Nnimmo Bassey is a Nigerian activist, author and poet. President of Friends of the Earth International from 2008 to 2012, he was Executive Director of Environmental Rights Action for two decades. Winner of several awards for his environmental efforts, he is one of the leading figures of the Glasgow counter-summit, where we interviewed him.
You have participated in many COPs. Can you sum up the climate policies over these two decades?
The history of the COPs helps us observe the evolution of global climate governance. One of the milestones was laid in 1997 in Kyoto, when the paradigm of “market environmentalism” was introduced: the thesis that the ecological crisis can be solved through market solutions. In 2009, in Copenhagen, the mechanism of voluntary emission reductions, which avoids binding commitments, took shape. This marked a critical step, because instead of a serious climate policy, a system was created that involved playing with numbers. The Paris Agreement consolidated the concept of voluntary emission reductions, and this is perhaps the real reason why governments and corporations celebrated it. The target set in Paris to remain below 2 degrees of temperature increase sounds like a joke. Even a 1.5 degree increase poses an enormous threat to many regions, especially in the global South. We now know that we are heading for a 2.7 degree increase. For a continent like Africa, these numbers are an enormous tragedy.
What do you think of the announcements made by a bloc of countries during COP26?
It’s propaganda more than actual commitments. Governments are telling us that they will stop investing in certain sectors, but that doesn’t mean they will. Years ago, the World Bank made a commitment not to finance fossil fuels, and instead continued to do so. A bloc of countries, including the United States, said they would stop deforestation, but they had already said that before. They are recycling their old commitments, with the aim of grabbing headlines and diverting public opinion.
How do you feel the climate narrative has changed over the years?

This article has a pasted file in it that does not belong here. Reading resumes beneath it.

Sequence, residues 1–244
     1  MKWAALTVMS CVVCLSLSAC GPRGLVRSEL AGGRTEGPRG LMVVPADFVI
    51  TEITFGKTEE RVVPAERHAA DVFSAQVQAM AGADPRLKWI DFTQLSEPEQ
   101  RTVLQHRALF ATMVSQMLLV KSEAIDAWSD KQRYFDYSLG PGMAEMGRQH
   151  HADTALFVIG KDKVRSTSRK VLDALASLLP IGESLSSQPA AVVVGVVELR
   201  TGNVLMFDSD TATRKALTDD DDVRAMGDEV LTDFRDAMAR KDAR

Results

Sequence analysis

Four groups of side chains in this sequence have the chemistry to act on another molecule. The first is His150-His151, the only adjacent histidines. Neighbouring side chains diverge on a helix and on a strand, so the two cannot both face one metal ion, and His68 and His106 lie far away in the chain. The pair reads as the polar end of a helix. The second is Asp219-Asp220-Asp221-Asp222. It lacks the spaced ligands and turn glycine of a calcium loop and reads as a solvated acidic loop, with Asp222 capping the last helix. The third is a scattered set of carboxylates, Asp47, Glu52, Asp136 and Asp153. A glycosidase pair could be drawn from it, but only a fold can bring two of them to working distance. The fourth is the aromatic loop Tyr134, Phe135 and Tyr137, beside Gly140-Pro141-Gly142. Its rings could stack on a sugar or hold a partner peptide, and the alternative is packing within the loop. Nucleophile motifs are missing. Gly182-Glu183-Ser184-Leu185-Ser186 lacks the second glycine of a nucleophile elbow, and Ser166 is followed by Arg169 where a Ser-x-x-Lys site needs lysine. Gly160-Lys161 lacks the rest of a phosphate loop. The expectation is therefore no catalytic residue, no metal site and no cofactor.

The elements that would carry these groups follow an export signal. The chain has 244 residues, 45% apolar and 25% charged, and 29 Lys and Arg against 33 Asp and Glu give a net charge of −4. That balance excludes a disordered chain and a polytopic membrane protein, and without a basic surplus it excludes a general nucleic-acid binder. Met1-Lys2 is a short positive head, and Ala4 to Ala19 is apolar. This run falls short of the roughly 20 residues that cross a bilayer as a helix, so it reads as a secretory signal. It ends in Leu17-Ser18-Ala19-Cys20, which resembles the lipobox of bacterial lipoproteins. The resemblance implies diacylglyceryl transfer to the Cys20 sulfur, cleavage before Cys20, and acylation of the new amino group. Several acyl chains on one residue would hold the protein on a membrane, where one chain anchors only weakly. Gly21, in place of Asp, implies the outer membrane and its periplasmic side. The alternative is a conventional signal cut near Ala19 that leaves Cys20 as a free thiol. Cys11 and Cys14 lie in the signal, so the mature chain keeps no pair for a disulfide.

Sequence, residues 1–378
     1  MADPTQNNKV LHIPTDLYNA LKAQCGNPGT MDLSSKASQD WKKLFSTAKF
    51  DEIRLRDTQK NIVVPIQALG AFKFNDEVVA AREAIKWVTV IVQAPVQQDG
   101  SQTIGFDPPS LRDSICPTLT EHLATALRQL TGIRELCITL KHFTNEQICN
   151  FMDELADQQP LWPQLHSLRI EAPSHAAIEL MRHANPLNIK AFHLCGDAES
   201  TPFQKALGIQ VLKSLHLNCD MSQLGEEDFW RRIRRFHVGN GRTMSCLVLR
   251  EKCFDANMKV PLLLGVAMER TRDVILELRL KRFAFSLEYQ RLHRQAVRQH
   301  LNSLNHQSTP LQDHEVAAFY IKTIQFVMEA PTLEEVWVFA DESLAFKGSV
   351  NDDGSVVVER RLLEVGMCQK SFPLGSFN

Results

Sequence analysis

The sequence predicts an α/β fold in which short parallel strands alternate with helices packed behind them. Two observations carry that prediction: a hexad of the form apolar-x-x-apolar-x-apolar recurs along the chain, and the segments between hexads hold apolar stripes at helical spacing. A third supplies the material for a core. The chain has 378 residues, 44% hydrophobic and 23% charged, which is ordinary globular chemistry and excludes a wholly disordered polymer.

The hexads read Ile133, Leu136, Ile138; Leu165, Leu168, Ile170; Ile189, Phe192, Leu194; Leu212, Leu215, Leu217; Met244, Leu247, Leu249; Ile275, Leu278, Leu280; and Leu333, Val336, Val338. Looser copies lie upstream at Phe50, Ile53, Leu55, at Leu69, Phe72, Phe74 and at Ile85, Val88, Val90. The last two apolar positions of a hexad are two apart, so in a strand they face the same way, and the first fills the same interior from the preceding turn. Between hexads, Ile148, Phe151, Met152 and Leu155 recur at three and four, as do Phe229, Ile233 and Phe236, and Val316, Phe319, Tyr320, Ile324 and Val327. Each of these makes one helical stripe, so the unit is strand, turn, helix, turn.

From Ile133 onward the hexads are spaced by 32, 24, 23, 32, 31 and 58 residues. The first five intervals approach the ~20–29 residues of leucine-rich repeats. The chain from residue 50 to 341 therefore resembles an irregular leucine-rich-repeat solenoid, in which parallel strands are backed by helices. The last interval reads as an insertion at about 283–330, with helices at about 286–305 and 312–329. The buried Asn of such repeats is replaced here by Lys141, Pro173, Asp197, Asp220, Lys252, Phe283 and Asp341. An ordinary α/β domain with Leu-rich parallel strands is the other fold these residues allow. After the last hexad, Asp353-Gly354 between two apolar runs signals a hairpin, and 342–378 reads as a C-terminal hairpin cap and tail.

What was considered radical in the past is now seen as necessary. Twenty years ago, the call to leave fossil fuels in the ground was labeled idealistic, and now even the conservative International Energy Agency is saying it. It’s a pity that words are not followed by action.
What about energy policies?
Energy policies remain neo-colonial, based on the idea that a few imperialist powers have the right to grab natural resources for themselves. It is the same dynamic as the pandemic, where national interest was put before that of the human collective. The same approach is guiding governments’ responses to the climate crisis and is turning parts of the world into written-off zones.
What is the situation in Nigeria today?
Multinational companies continue to violate the human and environmental rights of communities. Now as we speak, there are ongoing explosions at an oil well which have been happening for a long time without anybody taking any action. What’s new is that oil companies, like ENI and Shell, are pulling out of wells on land, where communities have the ability to monitor what’s going on, to move offshore, where they pay less taxes and are subject to less scrutiny, with the military navy protecting their infrastructure.
What does a just transition mean to you?
The concept of a just transition should include the different perspectives, visions, and needs of communities that inhabit different places and belong to different cultures.
What message would you send to the young people who have been marching through the streets of Glasgow in recent days?
The future belongs to them. And they are the ones who would suffer the worst consequences of window-dressing commitments such as Net Zero by 2050. Net Zero is nothing more than a distraction, one of the many false solutions put forward by governments and multinationals. Young people must reject these proposals and demand immediate climate action.